KUALA LUMPUR – A new report from the Ministry of Health (MOH) Malaysia and the World Health Organization (WHO) reveal that noncommunicable (NCDs), particularly cardiovascular diseases, diabetes and cancer, cost the Malaysian economy upwards of RM 8.91 billion, equivalent to about 0.65% of the country’s gross domestic product (GDP).
The economic cost was estimated from the productivity losses due to absenteeism, presenteeism in the workplace and the premature death of working age population in Malaysia.
Aside from productivity losses, NCDs also place a serious health burden to countries resulting from disability and loss of healthy life years, called the burden of disease costs. This is an intangible cost that is estimated to be around RM 100.79 billion, equivalent to 7.35% of GDP.
The report released on 8 September, The Impact of Noncommunicable Diseases and Their Risk Factors on Malaysia’s Gross Domestic Product, utilised data from the year 2017. The latest National Health and Morbidity Survey 2019 shows that the prevalence of NCDs in Malaysia continues to rise.
“Economic evaluations of NCDs allow us to understand how these diseases shape the life of our people,” said Tan Sri Dato’ Seri Dr Noor Hisham Abdullah, Director General of Health Malaysia.
“NCDs are often associated with healthcare costs, but evidence such as this shows us how NCDs hamper the social and economic development of our country.”
“Every disability and premature death from noncommunicable diseases is tragic because we know that they are preventable,” said Dr Lo Ying-Ru, WHO Representative in Malaysia. “If we are unable to manage NCDs in the country, it will result in significant impact to health and economy. We need a whole-of-government and whole-of-society approach so we can turn the tide on NCDs and save lives and livelihoods.”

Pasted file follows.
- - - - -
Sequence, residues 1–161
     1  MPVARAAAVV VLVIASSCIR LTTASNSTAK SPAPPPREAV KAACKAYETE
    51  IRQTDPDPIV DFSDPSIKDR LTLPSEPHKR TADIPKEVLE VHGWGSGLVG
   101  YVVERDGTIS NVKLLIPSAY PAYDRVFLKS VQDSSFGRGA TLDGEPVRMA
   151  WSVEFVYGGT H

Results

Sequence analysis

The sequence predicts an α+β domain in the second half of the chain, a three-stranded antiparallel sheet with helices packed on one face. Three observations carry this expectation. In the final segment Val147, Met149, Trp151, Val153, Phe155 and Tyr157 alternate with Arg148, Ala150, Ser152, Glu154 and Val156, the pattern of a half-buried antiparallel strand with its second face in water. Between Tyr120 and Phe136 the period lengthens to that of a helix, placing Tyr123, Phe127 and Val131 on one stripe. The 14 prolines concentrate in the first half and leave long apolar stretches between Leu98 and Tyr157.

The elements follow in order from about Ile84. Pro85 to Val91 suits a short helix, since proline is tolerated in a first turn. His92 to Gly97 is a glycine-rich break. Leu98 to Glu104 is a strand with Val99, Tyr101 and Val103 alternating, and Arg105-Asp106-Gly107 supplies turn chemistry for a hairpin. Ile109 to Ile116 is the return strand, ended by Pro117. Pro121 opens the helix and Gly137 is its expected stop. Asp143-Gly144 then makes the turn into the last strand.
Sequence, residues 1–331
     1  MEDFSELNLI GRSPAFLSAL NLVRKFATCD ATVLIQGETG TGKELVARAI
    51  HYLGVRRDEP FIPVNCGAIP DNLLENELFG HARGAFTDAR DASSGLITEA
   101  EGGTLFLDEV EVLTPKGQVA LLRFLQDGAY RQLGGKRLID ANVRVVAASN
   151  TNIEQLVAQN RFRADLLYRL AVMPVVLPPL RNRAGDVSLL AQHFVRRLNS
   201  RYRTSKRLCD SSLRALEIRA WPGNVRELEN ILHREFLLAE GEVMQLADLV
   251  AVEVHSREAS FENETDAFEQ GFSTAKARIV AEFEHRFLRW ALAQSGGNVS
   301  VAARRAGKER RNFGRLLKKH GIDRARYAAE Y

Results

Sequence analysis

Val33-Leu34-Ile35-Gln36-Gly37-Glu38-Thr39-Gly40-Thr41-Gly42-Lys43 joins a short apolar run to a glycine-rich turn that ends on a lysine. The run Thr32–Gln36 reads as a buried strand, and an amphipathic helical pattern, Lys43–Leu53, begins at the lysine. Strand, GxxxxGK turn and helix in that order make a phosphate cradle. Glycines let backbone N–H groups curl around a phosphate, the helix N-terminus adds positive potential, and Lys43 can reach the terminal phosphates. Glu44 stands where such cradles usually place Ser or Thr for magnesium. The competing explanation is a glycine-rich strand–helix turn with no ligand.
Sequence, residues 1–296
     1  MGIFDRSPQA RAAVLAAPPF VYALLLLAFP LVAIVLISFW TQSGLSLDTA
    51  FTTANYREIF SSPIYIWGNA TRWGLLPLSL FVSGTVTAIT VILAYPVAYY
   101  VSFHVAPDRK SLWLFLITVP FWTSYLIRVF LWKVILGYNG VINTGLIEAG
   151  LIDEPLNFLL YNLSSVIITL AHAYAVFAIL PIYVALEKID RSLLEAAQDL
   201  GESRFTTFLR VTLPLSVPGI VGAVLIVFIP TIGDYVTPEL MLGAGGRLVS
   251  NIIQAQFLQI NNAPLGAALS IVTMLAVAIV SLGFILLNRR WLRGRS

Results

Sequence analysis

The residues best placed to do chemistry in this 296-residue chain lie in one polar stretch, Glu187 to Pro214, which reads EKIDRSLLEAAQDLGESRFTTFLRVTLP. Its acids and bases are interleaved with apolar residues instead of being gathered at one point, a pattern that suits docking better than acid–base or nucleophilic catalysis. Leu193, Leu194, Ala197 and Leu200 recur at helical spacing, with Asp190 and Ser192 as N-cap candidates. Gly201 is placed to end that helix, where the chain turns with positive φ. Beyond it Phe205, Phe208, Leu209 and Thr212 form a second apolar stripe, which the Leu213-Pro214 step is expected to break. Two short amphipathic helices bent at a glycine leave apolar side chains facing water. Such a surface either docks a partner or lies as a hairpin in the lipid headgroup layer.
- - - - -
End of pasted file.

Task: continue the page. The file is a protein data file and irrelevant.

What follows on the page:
Tobacco use, unhealthy diet, harmful use of alcohol and physical inactivity are modifiable behavioural risk factors that increase the risk of NCDs. In the report, unhealthy diet contributed to two third (68.9%) of the costs of lost productivity due to premature deaths from cardiovascular diseases (CVDs) while tobacco use contributed to more than one third (36.9%) of losses.
Tobacco use also contributed to the highest proportion of the losses from cancer (15%).
Member States recognized the importance of tackling NCDs to achieve sustainable development. The 2030 Agenda for Sustainable Development called for the reduction of premature mortality from NCDs by one-third through prevention and control measures.
The Malaysian Government has taken on this challenge by implementing the National Strategic Plan for Non-Communicable Disease 2016-2025 as well as associated national strategies and plans aiming at reducing risk factors for NCDs.
“It’s time to invest in the prevention and control of NCDs. Governments and other stakeholders can reduce NCDs by applying cost-effective interventions or what we call ‘best buys’,” explained Dr Lo. “At the same time, individuals can also make a difference by changing their behaviours and making a conscious decision to live a healthier life. We should all work together to beat NCDs.”
“Creating a supportive environment to support a healthy lifestyle for our people is essential in the war against NCDs,” added Dr Hisham. “Malaysia has shown highest level of political commitment by creating a Cabinet Committee for a Health Promoting Environment to support the whole-of-government response to tackle NCDs. While we are working hard to address NCDs at its roots, clearly much more needs to be done.”